A student can also be schooled in their mother tongue for their entire school career and still be proficient in a second language, provided the political will and resources are committed to that model. A good example of this is the acquisition of English by Afrikaans speakers and Afrikaans by English speakers pre 1994. Despite being taught exclusively in English, many South Africans are adequately equipped in Afrikaans and, when exposed post school to a study or work environment that requires Afrikaans, improve rapidly in their proficiency to the point of being perfectly functional. Their content knowledge, given to them in their home language, is already present. They need only attach new words to this pre-existing knowledge. This is another point for mother-tongue based schooling, with good second language teaching.

Other African countries succeed in using their colonial language as a lingua franca in their schools in a space where South Africa fails. In this instance, apartheid does have to take the blame. Parental mastery of the language of instruction in other African countries is relatively high. Even though the language of home might be Lingala or Kikuyu, the parents have full mastery of French and are able to bring their children up bilingual from birth. South African parents are often not in a position to do so, most especially those in the former homeland areas. Unsurprisingly, Pam Christie's latest research shows clearly that the geographical location of a school in a former homeland is the best predictor for educational failure.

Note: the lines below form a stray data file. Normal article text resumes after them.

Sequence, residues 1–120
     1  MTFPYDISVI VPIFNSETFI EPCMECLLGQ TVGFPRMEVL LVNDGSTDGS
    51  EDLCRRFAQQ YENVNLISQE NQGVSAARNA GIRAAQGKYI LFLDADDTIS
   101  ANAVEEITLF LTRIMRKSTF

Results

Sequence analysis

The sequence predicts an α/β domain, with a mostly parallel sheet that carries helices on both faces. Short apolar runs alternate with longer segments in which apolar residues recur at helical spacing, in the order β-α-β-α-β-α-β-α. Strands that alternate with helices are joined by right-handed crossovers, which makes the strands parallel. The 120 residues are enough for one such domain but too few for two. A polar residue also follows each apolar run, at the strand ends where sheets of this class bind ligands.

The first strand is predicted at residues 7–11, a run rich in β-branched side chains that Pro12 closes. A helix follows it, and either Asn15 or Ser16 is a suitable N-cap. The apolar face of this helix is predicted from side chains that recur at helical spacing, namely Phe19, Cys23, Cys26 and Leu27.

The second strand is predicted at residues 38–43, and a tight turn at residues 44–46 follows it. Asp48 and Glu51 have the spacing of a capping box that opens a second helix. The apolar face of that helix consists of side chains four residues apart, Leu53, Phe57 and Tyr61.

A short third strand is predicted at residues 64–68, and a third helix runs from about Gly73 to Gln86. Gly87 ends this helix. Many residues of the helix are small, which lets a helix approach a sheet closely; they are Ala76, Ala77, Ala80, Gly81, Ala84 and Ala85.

In short: the only language acquisition model that works for developing a second language without using the first language is complete immersion. We DO NOT have the resources for this in South African schools. Only 8-9% of our population are first language English speakers. Many of these are NOT interested in becoming teachers as the vocation is one of the toughest jobs in the country (believe me) and other, more appealing and lucrative options are often available since English mother tongue correlates with class, income and educational level. We cannot create schooling environments in which our students are completely immersed in English with the resources we have. So mother tongue has to be the bridge to English acquisition. Which means the mother tongue must be properly and deeply developed first.